Set in between the third film (Late 1880s) and second film (1892), Fievel, his friend, Tony and his sister, Tanya all get jobs at the local newspaper, where the audience is introduced to Nellie, who wants to be an important reporter, but only gets small assignments, as if she were a secretary to Reed, the newspaper’s editor.
Throughout the film, Tanya tries to win Reed’s heart, while Tony tries to get noticed by Reed and promoted to a reporter.
Like in the previous movies, where a mouse installation is directly below its human installation counterpart, the newspaper offices the mice work in is directly underneath the newspaper offices the humans work in.
Nellie gets a chance when she is assigned to report mice who disappear overnight into holes that open up on their floor all over New York. Reed makes up a, as Nellie calls it, “so-called monster” that lives under Manhattan and takes mice away during the night to add more excitement to the otherwise unimportant story, intending to sell more papers.
The night monster creates fears among the readers, as could be expected. Fievel begins having nightmares that cause him to lose sleep because of his fear of the monster; the film opens up with Fievel having a dream about being chased by what he thinks the monster looks like.
When, through Tanya, he is assigned the job of following Nellie and drawing up interperatations of what the monster looks like based on witness testimony, this makes his insomnia all the worse.
The heroes finally decide to investigate her by means of the “dog council” that meets at Central Park. They also search down one of the holes, which leads directly to a group of cats hiding in the sewers. Also, all the mice that had disappeared are being held in wood cages there, to be sold off to other cats and eaten.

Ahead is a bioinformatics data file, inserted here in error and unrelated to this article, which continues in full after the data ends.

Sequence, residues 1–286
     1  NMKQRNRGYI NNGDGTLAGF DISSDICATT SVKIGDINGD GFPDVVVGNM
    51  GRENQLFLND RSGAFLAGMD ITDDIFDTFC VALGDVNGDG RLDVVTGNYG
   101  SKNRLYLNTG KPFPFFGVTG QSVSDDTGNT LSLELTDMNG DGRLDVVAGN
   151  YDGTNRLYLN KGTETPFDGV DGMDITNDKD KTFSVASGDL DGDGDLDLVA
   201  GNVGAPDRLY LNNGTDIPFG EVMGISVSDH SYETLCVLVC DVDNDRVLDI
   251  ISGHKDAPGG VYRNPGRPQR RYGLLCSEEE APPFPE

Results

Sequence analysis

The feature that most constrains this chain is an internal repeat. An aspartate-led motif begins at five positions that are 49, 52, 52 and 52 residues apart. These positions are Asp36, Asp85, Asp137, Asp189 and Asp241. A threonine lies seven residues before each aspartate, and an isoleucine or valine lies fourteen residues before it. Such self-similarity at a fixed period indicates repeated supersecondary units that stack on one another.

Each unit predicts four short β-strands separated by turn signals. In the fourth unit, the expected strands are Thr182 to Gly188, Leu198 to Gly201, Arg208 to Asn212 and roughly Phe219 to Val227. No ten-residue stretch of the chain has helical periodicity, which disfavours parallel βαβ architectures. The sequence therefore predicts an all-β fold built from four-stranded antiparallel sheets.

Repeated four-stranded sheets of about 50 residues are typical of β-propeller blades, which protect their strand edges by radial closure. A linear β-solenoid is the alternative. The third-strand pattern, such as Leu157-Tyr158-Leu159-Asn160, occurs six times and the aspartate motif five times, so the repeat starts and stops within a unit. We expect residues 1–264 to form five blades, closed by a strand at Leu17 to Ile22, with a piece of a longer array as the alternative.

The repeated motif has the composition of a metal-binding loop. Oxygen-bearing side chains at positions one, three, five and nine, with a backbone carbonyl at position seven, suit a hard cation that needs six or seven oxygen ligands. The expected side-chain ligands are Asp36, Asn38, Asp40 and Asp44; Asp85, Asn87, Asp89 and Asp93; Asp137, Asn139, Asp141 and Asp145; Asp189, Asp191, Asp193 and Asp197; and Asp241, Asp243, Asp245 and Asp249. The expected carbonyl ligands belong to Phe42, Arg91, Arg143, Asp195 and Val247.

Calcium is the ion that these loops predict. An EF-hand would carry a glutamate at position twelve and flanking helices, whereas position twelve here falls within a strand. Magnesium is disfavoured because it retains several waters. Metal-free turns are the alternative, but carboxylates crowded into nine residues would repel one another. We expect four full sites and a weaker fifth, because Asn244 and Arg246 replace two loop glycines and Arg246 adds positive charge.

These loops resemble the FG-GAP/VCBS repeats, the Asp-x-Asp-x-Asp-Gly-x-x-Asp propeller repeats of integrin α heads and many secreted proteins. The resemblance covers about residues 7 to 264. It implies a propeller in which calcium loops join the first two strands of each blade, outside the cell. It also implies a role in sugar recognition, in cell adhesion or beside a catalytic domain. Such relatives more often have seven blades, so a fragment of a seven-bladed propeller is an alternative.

The night monster itself, a mechanic device with ghastly flashing pictures and a circular saw, is revealed in full when it attacks the mice newspaper office and printing press to prevent them from printing the truth, which they had just discovered.
A great chase scene takes place throughout both the mouse and the human newspaper offices. Reed reveals that he was in love with Nellie all along, much to Tanya’s intense dismay.
When all the cats seem to be under control, the “dog council” appears just as they’re regaining consciousness and chase them all away, taking Madame Mousey with them.
The last scene takes place at the beach, where the audience is told that the “dog council” had chosen for the French poodle (who was the mastermind behind the night monster all along) a punishment worse than prison: returning her to her owner.
Mrs. Mousekewitz, Fievel’s mother, surmises saying that now that the mystery has been cleared up, Fievel may finally go to sleep, only to turn around and find him already asleep on the beach towel.